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STEM: Learning outside the room

Honey Creek restoration teaches kids in WILD

March 14, 2012

Wauwatosa STEM Principal Michael Leach said his school has a "no child left inside" policy.

That explains why 72 students from kindergarten through fourth grade are about to embark on a project that is designed to teach them the importance of reaching out into their own community to make a difference.

Going W.I.L.D.

The charter school within Wilson Elementary is kicking off W.I.L.D. - Wauwatosa is Learning Differently - to assist a major, multi-governmental effort to develop a new retention wall along nearby Honey Creek Parkway that will enhance water access to the area and help revitalize plants and wildlife.

Along the way, students will contribute their observations and problem-solving skills to professionals like Jim Ciha, a landscape architect with Milwaukee County Parks.

The initial project will include five components, including native plant restoration, retaining-wall reconstruction, park and walk site mapping, science and career investigation and overall reflection.

Ciha, a 30-year parks veteran, is donating his time to the school portion of the project. He kicked off the program Monday with an orientation to three sets of combined grade groups of students. He explained the program details of all the work that is involved, answered questions and helped students get the feel of how to construct a playground with a hands-on exercise using toys.

A first-hand look

On March 26, Ciiha and Leach will lead the students on a field trip to see the area first hand and begin their study and input.

"We really want you to go out there and help identify the plants for us,." Ciha told the students. "This will really help us with this project."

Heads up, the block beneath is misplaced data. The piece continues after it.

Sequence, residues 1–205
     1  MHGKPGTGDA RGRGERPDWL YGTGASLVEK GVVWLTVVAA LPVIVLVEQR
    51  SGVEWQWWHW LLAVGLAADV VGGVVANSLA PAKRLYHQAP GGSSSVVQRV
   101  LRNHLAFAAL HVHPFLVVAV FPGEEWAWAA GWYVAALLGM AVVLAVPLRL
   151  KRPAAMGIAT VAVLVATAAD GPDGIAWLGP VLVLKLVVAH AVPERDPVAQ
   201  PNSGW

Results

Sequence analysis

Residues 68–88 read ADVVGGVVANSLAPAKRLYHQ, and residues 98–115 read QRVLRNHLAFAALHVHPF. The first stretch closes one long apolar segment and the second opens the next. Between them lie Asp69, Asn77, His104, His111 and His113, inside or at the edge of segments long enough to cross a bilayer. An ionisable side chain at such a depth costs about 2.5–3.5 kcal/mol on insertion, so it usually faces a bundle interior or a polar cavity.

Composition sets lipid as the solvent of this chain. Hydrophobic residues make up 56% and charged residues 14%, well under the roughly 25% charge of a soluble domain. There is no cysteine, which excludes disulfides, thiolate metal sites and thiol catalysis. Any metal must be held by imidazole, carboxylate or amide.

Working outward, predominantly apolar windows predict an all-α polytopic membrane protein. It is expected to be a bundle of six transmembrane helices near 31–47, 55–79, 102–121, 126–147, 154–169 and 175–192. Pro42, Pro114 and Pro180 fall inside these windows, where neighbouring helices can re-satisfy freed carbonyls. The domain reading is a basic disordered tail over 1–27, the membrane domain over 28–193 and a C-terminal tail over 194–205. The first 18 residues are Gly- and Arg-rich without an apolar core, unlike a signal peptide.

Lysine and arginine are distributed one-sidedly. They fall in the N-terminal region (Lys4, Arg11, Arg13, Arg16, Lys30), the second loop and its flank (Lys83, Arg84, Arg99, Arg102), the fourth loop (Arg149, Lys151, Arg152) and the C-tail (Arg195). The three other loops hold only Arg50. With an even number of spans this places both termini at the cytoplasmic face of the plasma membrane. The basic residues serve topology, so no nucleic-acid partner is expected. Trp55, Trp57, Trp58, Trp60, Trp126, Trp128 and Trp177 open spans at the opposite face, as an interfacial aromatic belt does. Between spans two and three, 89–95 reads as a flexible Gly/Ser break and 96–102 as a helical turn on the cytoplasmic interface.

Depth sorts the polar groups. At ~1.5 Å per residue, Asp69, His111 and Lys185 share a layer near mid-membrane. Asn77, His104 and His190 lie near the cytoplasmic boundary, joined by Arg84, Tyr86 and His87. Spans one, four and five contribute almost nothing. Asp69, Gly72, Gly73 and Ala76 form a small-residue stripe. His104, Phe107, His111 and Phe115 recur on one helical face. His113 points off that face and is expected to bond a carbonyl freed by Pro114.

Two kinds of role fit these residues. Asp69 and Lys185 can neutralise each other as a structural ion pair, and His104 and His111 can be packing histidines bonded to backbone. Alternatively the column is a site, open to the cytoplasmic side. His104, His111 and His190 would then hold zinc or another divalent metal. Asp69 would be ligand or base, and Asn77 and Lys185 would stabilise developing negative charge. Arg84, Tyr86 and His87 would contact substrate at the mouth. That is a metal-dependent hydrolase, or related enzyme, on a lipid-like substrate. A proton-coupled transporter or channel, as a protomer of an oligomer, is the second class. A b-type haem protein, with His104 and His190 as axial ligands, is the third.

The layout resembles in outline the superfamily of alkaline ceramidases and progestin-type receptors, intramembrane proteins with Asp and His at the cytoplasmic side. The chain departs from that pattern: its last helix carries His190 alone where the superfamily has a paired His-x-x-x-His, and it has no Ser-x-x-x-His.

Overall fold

Ciha also explained to the youngsters that their work will help revitalize the area so that their children may be able to enjoy the wildlife, including fish that have long disappeared.

Problem solving

Ciha and Leach said the process of going through the project is designed to help students go through problem solving steps based a spectrum of facts of the landscape and the goals of the project.

"We will introduce a number of professionals such as landscape artists, botanists and engineers," Ciha said. "We hope to give them a feel for what all these professionals do."

Leach said the project, as well as the school, is a way to students to connect with their environment.

"The whole idea of the school is to give students an appreciation of the world around them," Leach said.

Beyond the student's initial involvement, W.I.L.D. hopes to eventually build an environmental classroom supported by funds from grant requests including those to Harley-Davidson and the Education Foundation of Wisconsin.

Project partners

In addition to Milwaukee Public Parks, the project will include work from the Metropolitan Milwaukee Sewerage District and the Federal Environmental Management Agency.

The mission of the WSTEM charter school is "to provide an innovative and dynamic learning environment where students are encouraged to navigate their own course. Individual needs are met in a cooperative, supportive learning community through an engaging and challenging curriculum rooted the sciences, technology, engineering and math."

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